No more AO-Hell

I canceled my AOL subscription last night. And they were a pain in the ass to the very end, keeping me on hold; delivering wordy, touchy-feely, insincere phone scripts; trying to rope/fool me into a continuing $9.95/month subscription.

No, cancel me. Just cancel me. Let go. I mean it.

After 12 years, I’m history. And so is what we used to call “online,” the era of closed subscription services, the world of walls.

Before AOL, I used CompuServe and also tried The Source and tried to avoid Prodigy. And I worked at Delphi very briefly 11 years ago. They were all part of a world that is over but is taking as long to die as TV Guide.

Gather ’round, young’uns, and I’ll tell you about them olden days:

Way back in 1974, I started working on my first newsroom computer (because I was bored on the midnight shift on the Chicago Tribune, waiting for someone to die a horrible death so I could call cops and their relatives and then write about it; that’s what we called journalism back then). I was the only guy who dared touch the computers sitting there, waiting to be used, and so I became the guy in the newsroom who wasn’t scared of the damned things.

I was newsgeek. Computers changed the way I wrote and I was soon silicon-dependent; I was an obnoxious evangelist for that strange thing called “the cursor” (a concept that wasn’t easy to explain to grumpy editors who always hate change). When I headed out of town for stories, I still had to haul along a portable typewriter (this was our laptop, I told my kids) and a mojo wire (as Hunter Thompson dubbed the early fax machines, which took something like six minutes a page to transmit onto smelly, chemicaly, unreadable paper around a fussy and noisy rotating drum using a 300 baud acoustic coupler). I was so relieved when I got to take a TRS-80 Model 100 and transmit directly with that. I was so addicted to portability that I spent a fortune of my own to buy the first full portable computer, the precursor to the Kaypro and the Compaq, my beloved Osborne 1. But it wasn’t portable enough, so I bought the first battery-operated fully functional (kind of) PC, the Morrow Pivot.

But what really changed my life was not the machines but what I got to do with them when I moved to New York and went online for the first time with that damned accoustic coupler. It was slow, ugly, all-text, geeky. I could ^h in my sleep.

But I quickly saw that I wasn’t just communicating. I wasn’t just reading. I was joining something.

Back then, you had to pay to join and the companies that enabled us to do this made all the same mistakes big companies still make today: They thought it was about content. They thought it was about communication. They thought it was about owning the consumer. They thought it was about walls. They didn’t really understand that it was just about people.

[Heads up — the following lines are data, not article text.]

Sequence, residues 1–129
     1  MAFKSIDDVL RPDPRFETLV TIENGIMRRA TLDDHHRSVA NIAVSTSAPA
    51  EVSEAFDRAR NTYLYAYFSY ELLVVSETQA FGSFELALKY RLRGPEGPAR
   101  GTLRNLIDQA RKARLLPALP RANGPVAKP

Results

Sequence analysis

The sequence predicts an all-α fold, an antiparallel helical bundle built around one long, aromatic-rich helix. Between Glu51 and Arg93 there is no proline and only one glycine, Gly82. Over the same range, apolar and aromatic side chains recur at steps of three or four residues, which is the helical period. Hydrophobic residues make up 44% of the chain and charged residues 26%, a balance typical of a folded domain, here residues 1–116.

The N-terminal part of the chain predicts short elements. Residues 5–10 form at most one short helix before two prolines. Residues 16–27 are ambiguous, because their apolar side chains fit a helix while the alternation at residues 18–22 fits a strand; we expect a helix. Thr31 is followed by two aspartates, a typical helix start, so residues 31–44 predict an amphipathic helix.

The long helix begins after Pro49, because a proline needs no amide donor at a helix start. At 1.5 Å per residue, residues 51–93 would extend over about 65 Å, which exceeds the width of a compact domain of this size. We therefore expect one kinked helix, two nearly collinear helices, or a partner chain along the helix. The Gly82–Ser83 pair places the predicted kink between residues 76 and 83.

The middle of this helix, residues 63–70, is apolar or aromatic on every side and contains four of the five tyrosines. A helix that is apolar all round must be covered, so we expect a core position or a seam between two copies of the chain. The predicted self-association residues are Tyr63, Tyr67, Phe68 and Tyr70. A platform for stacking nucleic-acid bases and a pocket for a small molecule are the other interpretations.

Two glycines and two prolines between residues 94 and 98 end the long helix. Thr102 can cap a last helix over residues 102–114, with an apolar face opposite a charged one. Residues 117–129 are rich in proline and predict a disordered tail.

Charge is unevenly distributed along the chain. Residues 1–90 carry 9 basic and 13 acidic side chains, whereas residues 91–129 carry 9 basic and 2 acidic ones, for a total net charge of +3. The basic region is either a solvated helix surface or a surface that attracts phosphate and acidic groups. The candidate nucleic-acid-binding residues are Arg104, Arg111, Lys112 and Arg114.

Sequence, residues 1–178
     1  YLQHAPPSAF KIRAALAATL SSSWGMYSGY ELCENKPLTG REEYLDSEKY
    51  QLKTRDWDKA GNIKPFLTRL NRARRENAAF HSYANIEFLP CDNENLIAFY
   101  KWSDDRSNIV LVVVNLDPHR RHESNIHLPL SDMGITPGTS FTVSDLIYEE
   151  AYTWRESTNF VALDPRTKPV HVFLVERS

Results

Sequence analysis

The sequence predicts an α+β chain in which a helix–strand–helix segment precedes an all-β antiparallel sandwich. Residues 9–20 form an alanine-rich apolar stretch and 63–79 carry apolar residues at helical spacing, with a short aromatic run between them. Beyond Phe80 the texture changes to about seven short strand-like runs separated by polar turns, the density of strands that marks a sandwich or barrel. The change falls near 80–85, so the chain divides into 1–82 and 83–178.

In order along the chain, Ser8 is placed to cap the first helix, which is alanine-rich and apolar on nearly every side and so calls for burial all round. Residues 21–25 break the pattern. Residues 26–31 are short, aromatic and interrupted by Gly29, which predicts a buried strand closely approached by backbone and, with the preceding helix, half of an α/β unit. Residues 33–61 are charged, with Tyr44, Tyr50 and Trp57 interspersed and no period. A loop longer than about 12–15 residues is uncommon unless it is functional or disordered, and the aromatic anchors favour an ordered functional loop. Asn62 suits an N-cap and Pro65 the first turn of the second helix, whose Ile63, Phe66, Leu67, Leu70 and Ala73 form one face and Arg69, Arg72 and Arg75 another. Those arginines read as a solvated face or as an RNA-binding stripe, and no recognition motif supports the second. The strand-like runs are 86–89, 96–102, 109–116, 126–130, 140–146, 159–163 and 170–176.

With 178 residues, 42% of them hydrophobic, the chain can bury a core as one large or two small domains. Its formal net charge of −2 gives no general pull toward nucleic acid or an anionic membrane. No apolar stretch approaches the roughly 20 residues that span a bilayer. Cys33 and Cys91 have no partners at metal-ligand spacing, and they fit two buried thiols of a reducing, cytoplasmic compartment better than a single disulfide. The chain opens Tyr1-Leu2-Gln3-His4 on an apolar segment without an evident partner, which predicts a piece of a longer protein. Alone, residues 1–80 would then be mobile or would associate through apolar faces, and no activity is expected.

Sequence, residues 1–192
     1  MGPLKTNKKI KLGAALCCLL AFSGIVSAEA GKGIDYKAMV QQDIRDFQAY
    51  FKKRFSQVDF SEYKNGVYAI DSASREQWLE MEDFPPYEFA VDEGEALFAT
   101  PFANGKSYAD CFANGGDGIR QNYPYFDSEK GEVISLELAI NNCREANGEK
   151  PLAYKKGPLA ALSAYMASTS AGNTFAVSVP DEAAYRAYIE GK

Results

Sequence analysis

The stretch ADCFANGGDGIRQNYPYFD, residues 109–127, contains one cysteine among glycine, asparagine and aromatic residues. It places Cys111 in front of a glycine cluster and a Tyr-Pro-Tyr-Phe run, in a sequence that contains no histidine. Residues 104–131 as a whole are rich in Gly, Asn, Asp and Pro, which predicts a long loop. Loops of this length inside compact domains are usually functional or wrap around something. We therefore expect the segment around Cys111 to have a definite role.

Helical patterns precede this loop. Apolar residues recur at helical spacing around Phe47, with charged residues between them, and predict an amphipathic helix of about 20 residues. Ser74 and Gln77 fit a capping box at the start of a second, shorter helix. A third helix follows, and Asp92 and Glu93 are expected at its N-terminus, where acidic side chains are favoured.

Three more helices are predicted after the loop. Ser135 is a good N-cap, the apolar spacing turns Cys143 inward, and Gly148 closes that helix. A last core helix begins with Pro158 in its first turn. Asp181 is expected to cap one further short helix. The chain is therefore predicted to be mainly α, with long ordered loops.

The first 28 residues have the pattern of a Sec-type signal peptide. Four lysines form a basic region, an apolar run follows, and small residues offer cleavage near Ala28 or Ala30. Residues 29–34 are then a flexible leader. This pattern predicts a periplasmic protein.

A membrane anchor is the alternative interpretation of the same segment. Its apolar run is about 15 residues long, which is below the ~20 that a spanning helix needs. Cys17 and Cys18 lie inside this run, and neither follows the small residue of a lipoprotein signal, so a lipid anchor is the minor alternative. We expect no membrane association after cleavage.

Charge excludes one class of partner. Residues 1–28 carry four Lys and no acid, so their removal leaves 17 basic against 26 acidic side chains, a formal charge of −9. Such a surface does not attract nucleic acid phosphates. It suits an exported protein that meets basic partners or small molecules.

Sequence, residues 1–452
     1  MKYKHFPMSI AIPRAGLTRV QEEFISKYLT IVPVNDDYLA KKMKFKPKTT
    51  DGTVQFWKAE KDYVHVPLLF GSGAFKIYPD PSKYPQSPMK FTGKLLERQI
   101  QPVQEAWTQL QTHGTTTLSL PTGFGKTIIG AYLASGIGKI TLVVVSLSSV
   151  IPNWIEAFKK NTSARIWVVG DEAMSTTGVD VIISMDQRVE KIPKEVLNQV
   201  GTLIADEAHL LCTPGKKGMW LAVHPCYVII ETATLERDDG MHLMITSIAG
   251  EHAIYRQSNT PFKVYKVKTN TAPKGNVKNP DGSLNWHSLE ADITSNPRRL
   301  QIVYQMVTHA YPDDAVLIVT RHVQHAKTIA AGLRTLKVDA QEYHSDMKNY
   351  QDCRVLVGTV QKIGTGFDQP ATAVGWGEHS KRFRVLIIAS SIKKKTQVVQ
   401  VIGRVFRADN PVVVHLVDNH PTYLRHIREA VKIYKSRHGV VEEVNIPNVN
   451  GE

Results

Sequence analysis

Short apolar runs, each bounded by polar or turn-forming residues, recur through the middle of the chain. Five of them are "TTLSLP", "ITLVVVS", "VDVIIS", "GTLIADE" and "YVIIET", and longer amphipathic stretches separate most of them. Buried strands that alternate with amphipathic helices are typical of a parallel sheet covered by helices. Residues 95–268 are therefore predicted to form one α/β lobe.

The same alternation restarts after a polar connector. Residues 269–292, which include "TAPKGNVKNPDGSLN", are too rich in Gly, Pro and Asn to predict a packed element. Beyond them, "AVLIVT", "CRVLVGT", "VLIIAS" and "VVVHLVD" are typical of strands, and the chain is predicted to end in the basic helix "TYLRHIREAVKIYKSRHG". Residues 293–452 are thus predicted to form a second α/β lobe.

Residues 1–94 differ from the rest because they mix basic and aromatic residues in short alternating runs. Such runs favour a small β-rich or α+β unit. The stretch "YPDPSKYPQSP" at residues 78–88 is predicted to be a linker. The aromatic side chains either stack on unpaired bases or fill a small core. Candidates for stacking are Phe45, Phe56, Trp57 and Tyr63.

And, of course, the internet replaced them all. When I went to work for Delphi Internet Services as editor in chief in 1994, Murdoch had just bought them (I worked for his TV Guide then) because they were the first service to take consumers to this future-shocky thing called the internet (I heard a sleezy stockbroker on a train one night tell a chump that he should buy News Corp. stock because, “You’ve heard of this internet thing? Well, Murdoch just bought it”). They were text-only and were trying to invent their graphical user interface to compete with Prodigy et al, but I was one of the guys who said nevermind that, try this Mosaic thing. I left Delphi (passing that IQ test) before it essentially imploded under millions of Murdoch’s misspent dollars and came to Advance, where they were debating between AOL and Prodigy for their newspapers. Try this browser thing, I said, and we went onto the internet and never looked back.

I got AOL then and kept it this long only because (a) I needed to keep tabs on them for work — and work paid and (b) I used them rarely for dial-up from bad hotels. But now I’m unself-employed and paying the bills. And I have my Verizon EVDO card, which works even from the wilds of the Poconos.

So I have no earthly need for AOL. I certainly have no need for its content. I don’t need it to communicate. I don’t need it to make a community for me; I can find my own here.

At long last, I canceled AOL. And it feels so good.

So spammers: I now hand over to you. It’s all yours. It has been for the last five years. You made that address utterly useless. You didn’t even know I wasn’t there. But I’m gone now. Just thought I’d let you know.